Ken Griffin’s Citadel Securities lambasted Devin Nunes, the CEO of Truth Social’s parent company, as a “proverbial loser” after the former Republican congressman blamed Wall Street market makers for Trump Media and Technology Group’s tanking stock price.

The war of words was triggered by a letter Nunes sent to the Nasdaq Stock Market on Thursday in which he accused Citadel Securities and others of engaging in “market manipulation” — specifically “naked short selling,” whereby traders sell shares of a company that the seller had not actually borrowed for that purpose.

Griffin — a major Republican donor who gave money to Nunes in 2021, according to a Federal Election Commission filing — unloaded on the former lawmaker in denying any wrongdoing Friday.

“Devin Nunes is the proverbial loser who tries to blame ‘naked short selling’ for his falling stock price,” a Citadel Securities spokesperson told The Post.

“Nunes is exactly the type of person Donald Trump would have fired on ‘The Apprentice.’ If he worked for Citadel Securities, we would fire him, as ability and integrity are at the center of everything we do.”

Trump Media quickly fired back.

“Citadel Securities, a corporate behemoth that has been fined and censured for an incredibly wide range of offenses including issues related to naked short selling, and is world famous for screwing over everyday retail investors at the behest of other corporations, is the last company on earth that should lecture anyone on ‘integrity,’” a spokesperson told The Post.

TMTG’s stock price has been a roller-coaster ride since going public last month, losing more than half its value as many on Wall Street placed bets that the company would fail.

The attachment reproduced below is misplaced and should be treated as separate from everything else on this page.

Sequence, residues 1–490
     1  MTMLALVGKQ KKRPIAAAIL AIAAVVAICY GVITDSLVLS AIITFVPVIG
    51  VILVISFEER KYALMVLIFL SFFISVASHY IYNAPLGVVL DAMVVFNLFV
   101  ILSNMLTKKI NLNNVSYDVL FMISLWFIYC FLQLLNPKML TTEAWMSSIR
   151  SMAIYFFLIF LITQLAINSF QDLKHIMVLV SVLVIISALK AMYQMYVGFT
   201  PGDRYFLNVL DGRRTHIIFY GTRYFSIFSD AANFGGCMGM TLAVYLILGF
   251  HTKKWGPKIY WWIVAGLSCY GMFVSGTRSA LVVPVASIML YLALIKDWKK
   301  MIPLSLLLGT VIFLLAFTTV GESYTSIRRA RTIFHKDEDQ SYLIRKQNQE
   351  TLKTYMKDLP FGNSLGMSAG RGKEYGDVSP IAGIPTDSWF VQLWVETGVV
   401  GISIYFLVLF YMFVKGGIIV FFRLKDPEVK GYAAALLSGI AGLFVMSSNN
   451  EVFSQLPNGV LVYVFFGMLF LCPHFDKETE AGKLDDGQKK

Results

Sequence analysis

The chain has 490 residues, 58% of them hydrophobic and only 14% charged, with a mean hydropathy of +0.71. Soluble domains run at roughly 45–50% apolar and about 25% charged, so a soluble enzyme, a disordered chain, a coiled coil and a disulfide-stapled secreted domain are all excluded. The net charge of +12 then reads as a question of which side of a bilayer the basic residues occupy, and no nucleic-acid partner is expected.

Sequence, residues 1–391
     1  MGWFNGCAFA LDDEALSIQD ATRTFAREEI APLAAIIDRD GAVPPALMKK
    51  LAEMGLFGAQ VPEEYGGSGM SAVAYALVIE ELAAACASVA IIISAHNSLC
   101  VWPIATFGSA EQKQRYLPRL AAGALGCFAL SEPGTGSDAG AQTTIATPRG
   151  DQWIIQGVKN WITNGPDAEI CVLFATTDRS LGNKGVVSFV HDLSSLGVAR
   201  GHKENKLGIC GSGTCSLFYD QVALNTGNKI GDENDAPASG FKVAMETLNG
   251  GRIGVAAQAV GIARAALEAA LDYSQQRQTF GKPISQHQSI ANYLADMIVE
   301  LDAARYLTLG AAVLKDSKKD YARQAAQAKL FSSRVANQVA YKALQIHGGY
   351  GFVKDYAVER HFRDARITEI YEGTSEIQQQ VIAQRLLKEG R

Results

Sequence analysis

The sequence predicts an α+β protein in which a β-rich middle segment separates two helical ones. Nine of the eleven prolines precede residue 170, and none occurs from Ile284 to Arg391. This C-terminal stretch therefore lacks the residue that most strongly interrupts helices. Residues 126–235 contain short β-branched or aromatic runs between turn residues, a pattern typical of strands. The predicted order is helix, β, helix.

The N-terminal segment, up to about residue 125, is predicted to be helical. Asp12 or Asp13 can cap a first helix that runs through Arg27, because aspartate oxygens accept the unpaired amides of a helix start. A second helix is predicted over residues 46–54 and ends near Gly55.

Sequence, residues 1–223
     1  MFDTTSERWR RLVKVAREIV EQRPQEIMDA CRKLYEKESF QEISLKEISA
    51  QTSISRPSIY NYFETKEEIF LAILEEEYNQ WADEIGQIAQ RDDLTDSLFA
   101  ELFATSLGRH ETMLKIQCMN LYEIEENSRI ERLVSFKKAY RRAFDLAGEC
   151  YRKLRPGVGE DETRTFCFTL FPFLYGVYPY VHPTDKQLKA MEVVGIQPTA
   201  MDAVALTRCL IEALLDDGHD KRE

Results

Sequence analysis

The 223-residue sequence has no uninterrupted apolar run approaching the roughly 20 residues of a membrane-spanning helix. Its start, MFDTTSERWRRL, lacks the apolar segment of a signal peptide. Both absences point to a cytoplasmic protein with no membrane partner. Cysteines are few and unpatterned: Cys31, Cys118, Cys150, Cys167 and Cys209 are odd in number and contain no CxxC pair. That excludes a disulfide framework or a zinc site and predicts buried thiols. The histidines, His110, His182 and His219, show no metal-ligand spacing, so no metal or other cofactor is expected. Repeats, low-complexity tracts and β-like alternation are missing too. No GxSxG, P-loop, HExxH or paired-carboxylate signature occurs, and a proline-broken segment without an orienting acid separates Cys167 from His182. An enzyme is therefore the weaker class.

Shares closed Friday at $36.38, down about $25 from its debut price on March 26 — despite rallying in the past three days. .

In Nunes letter to Nasdaq CEO Adena Friedman, he wrote that traders had “significant financial incentive to lend non-existent shares” to short sellers because of the high premiums they were able to charge.

“Data made available to us indicate that just four market participants have been responsible for over 60% of the extraordinary volume of DJT shares traded: Citadel Securities, VIRTU Americas, G1 Execution Services, and Jane Street Capital,” Nunes wrote.

Nunes asked Nasdaq to have the brokers reveal their short positions.

VIRTU declined to comment.

The Post has sought comment from Nasdaq and Jane Street Capital. G1 Execution Services could not be reached.

While investors have been trying to short Trump Media, there are very few shares of the company available for trading — which makes it expensive to borrow shares.

Griffin, meanwhile, is no fan of the presumptive Republican nominee, who owns a 60% stake in TMTG.

He urged the Republican Party to ditch Trump in favor of Florida Gov. Ron DeSantis and former UN ambassador Nikki Haley. Both were trounced by Trump in the primaries.

During a recent conference, Griffin said that Trump was “good for our capital markets” — predicting that the former president will defeat incumbent Joe Biden this November.

In 2021, Nunes left Congress to head up Trump Media and Technology Group, which was a private company at the time. Three months before he stepped down, Griffin had donated $5,800 to his campaign, record show.

TMTG merged with a “blank check company” — Digital World Acquisition Corp — making the firm’s stock available for trading on the Nasdaq.

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